Effects of complete whey-protein breakfasts versus whey without GMP-breakfasts on energy intake and satiety.

M.A.B. Veldhorst*, A.G. Nieuwenhuizen, A. Hochstenbach-Waelen, K.R. Westerterp, M.P. Engelen, R.J.M. Brummer, N.E. Deutz, M.S. Westerterp-Plantenga

*Corresponding author for this work

    Research output: Contribution to journalArticleAcademicpeer-review

    89 Downloads (Pure)


    AIM: To compare the effects of whey versus whey without glycomacropeptide (GMP) in a high and a normal amount of protein in a breakfast custard on satiety and energy intake (EI), taking concentrations of amino acids (AA), glucose, insulin, glucagon-like peptide 1 (GLP-1) and ghrelin into account. METHODS: Twenty-five healthy subjects (mean+/-S.E.M., BMI: 23.9+/-0.3kg/m(2); age: 22+/-1 years) received a breakfast containing whey or whey without GMP as protein type with 10/55/35 or 25/55/20 En% protein/carbohydrate/fat in a randomized, single-blind design. Appetite profile (Visual Analogue Scale, VAS), glucose, insulin, GLP-1, ghrelin and AA concentrations were measured, and the adequate moment for ad libitum lunch was determined based on differences in ghrelin concentration. In a second set of experiments subjects received the same breakfasts; ad libitum lunch was offered at the pre-determined moment. RESULTS: After a breakfast with 25 En% protein increases in insulin and GLP-1 and decreases in ghrelin concentrations were larger; increases in satiety ratings were lower than after 10 En% (p<0.05); there was a treatmentxtime interaction effect on glucose and insulin concentrations (p<0.001). After a breakfast with whey without GMP insulin concentrations were increased more than after whey (p<0.05). EI at lunch was lower after whey than after whey without GMP (2877+/-165kJ versus 3208+/-178kJ, p<0.05), coinciding with more increased concentrations of serine, threonine, alanine, alpha-aminobutyric acid and isoleucine (p<0.05). CONCLUSION: GMP as a whey-fraction reduced energy intake coinciding with increased concentrations of certain amino acids, irrespective of the concentration of whey-protein. Although between different concentrations of whey-protein differences in hormone responses were observed, these were unrelated to satiety ratings or energy intake.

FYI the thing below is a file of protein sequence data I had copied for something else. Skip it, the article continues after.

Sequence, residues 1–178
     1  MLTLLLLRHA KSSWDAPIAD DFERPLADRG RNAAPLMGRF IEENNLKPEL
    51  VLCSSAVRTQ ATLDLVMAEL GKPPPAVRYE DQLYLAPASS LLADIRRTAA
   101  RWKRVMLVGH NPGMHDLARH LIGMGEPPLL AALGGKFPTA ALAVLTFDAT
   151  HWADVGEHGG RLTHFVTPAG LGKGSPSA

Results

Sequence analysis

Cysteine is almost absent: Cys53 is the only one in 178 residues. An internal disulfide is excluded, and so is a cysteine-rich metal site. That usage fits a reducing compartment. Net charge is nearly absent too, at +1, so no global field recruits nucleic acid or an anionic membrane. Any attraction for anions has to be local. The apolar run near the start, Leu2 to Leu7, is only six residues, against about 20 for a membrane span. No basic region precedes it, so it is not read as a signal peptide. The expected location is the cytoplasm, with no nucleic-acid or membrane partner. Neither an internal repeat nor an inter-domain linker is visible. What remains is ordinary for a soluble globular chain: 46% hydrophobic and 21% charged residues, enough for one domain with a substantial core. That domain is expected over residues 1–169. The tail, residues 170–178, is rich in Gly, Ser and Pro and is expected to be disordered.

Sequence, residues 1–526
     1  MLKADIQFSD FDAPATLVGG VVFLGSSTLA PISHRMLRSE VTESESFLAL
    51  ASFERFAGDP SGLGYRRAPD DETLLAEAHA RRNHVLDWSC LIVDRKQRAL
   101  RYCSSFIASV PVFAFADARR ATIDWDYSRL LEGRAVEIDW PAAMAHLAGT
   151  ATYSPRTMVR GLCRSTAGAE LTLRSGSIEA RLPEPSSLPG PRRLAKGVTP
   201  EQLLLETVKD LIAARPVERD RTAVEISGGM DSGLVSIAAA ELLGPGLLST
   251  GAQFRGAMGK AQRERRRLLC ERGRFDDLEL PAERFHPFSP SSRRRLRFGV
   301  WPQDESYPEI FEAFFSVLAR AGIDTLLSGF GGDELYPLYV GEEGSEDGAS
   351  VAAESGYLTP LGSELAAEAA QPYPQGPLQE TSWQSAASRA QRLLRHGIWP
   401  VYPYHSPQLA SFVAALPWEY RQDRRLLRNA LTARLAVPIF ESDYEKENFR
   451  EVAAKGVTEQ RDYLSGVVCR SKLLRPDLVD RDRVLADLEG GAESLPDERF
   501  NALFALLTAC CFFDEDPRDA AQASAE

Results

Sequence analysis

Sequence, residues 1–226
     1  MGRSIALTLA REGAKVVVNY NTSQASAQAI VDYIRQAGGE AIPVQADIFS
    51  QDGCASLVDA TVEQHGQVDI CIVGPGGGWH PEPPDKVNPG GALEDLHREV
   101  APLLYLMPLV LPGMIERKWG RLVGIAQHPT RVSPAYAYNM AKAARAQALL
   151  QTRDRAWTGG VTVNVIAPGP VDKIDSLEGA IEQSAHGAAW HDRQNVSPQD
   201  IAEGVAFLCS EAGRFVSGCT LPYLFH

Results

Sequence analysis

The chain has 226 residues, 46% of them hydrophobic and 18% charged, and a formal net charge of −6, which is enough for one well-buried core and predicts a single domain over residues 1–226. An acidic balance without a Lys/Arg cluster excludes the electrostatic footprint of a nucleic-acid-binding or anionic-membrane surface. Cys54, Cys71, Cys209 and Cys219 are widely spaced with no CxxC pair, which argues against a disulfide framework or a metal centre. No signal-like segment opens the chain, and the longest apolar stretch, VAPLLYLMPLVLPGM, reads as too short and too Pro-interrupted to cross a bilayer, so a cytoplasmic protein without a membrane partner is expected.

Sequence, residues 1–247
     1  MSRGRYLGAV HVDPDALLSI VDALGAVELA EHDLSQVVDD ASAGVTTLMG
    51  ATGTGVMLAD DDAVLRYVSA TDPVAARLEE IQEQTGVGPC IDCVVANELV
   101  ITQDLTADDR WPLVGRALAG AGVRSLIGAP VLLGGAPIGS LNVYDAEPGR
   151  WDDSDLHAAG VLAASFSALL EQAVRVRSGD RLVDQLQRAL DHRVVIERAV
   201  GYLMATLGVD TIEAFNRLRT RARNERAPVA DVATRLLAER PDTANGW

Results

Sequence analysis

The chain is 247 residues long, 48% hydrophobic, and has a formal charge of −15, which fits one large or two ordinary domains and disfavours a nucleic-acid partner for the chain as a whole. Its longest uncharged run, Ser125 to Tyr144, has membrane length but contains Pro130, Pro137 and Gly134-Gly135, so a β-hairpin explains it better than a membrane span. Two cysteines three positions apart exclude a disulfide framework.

Original languageEnglish
    Pages (from-to)388-395
    Issue number2
    Publication statusPublished - 1 Jan 2009

    Cite this